The Division of Structural Biology has a world leading reputation for structural biology research within the University of Oxford, UK
Producing a functional mammalian protein or protein complex often necessitates using a mammalian host to ensure appropriate post-translational modifications (e.g.,disulfide bonds, glycosylation, phosphorylation) are added to the protein. Expression in a variety of mammalian cells in Strubi utilizes constitutive and inducible expression. Transient expression is the most usual method, but targeted integration vectors for stable cell generation as well as lentiviral delivery vectors for difficult to transfect cells are also in use and available to the access visitor. Adherent and suspension cell lines are available for large-scale protein production. Expression in the mammalian cell system offered through Instruct includes protein purification and can also manage post-translational modification (please enquire).
Nanolitre crystallisation, using standard plate technology is the norm to produce diffraction quality crystals sufficient for structure determination. Miniaturisation and automation has resulted in the growth of a wider variety of proteins, under a broad range of standardised conditions, that can be crystallised. In Strubi, crystallisation can be set up using plate technologies or increasingly, microfluidic and capillary technologies, which allow in situ diffraction both in house and at the beamline, thereby accelerating data collection. Strubi has invested in a high degree of automation, for crystallisation set-up, crystal storage and imaging. A range of crystallisation screens are available for soluble and membrane proteins as well as crystallisation at 5oC.
STRUBI is currently available for remote access only due to COVID-19 restrictions. For information on the availability of specific technologies, view the Technology Availability List or contact firstname.lastname@example.org. Please check here regularly for updates.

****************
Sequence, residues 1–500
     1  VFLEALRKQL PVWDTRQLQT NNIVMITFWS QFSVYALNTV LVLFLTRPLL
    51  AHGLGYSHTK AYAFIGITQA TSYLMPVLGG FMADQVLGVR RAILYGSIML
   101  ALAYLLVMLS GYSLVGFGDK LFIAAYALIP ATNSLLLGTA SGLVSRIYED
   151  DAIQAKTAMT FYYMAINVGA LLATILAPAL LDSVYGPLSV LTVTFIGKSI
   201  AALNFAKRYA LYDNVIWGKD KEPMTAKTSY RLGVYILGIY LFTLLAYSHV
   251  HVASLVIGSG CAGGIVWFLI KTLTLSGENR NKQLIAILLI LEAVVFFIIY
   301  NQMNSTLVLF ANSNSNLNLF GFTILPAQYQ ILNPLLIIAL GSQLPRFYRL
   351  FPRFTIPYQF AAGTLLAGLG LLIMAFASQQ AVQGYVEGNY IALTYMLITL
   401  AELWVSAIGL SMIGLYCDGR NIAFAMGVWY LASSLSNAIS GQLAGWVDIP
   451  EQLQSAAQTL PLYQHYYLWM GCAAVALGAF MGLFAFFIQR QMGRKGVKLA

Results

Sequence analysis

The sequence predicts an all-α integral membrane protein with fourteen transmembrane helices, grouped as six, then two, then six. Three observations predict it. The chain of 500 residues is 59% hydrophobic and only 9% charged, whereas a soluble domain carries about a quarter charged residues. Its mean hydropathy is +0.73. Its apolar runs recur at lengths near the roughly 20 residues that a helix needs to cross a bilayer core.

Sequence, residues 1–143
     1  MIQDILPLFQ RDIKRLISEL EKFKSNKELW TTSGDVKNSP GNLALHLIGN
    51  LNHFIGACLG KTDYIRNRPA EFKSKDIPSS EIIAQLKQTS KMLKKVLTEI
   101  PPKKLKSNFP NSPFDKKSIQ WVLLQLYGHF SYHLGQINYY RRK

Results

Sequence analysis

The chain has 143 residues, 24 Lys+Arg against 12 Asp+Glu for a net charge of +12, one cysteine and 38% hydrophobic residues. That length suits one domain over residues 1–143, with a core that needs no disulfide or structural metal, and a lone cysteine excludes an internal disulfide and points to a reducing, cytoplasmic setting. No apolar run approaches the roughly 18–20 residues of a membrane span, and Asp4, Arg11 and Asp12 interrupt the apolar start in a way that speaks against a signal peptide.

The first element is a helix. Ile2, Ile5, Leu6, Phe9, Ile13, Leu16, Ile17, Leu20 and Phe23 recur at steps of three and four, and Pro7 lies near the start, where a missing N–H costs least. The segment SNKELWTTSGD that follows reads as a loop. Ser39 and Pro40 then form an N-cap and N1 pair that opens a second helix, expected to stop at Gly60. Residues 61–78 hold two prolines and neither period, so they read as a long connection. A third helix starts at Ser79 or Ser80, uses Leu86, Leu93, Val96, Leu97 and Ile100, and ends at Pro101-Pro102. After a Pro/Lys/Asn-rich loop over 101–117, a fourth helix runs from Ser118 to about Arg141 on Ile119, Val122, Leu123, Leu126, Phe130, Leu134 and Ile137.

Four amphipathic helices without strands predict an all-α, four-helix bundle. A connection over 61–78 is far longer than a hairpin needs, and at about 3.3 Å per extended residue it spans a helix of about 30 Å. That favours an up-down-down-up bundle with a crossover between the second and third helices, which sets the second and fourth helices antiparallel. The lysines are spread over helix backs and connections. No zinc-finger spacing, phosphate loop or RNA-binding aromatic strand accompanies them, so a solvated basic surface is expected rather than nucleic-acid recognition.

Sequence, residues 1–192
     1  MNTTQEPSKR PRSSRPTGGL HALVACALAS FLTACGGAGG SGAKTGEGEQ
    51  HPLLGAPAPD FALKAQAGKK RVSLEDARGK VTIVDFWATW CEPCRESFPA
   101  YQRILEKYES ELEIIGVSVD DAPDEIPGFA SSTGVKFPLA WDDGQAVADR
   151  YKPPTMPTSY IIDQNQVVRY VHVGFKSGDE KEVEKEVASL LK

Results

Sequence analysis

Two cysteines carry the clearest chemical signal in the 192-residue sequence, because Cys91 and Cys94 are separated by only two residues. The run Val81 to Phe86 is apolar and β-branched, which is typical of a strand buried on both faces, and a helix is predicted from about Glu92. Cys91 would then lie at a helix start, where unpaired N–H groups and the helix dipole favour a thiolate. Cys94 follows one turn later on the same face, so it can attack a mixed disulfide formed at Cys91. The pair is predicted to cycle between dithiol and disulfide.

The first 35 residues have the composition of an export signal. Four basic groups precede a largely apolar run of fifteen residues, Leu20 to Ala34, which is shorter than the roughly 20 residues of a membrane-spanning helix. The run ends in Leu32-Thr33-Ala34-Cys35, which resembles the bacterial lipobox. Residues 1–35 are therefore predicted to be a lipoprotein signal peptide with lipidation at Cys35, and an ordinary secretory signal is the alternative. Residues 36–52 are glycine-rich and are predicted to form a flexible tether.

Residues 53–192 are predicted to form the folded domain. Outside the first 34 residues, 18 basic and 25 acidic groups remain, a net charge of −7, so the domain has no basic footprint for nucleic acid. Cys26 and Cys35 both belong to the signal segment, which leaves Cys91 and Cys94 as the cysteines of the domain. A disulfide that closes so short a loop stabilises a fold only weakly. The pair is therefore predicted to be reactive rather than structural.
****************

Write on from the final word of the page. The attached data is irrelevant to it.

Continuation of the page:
How to find us
The Division of Structural Biology (STRUBI) at the University of Oxford is located about 1.5miles (2Km) from Oxford city centre, next to the Churchill Hospital site. Housed in the Wellcome Centre Human Genetics on the Old Road Campus, it has easy connections with bus and train transport from airports, London and Oxford Centre.
The Wellcome Trust Centre for Human Genetics has its own busy cafeteria as well as seminar and meeting rooms. Other academic buildings nearby have other catering facilities that may be available to you. There are shops in Headington (the nearest retail area) within walking distance (10-15 minutes from Strubi), and the centre of Oxford is a short bus or cycle ride away.
Oxford is a busy University town and many of the University colleges, museums and exhibitions are free and open to the public. More information about Oxford can be found here.
OPIC houses state-of-the-art biosafety containment laboratories at ACDP category 3 and DEFRA 4 levels of containment. This facilitates the study of a number of viruses that are important to human and animal health. We have a range of state-of-the-art equipment for transmission electron microscopy of biological specimens, from small macromolecular complexes to cells. Our facilities are available to researchers from across the University of Oxford, and external users form academia and industry.
OPIC houses state-of-the-art equipment for cryo-EM. This includes a Titan Krios (Thermo Fisher Scientific) 300-kV transmission electron microscope equipped with Falcon III and K2 Summit/GIF (Gatan) direction electron detectors, in addition to a Glacios (Thermo Fisher Scientific) 200-kV, also equipped with a Falcon III, as well the facilities for the preperation of cryo-EM sample grids.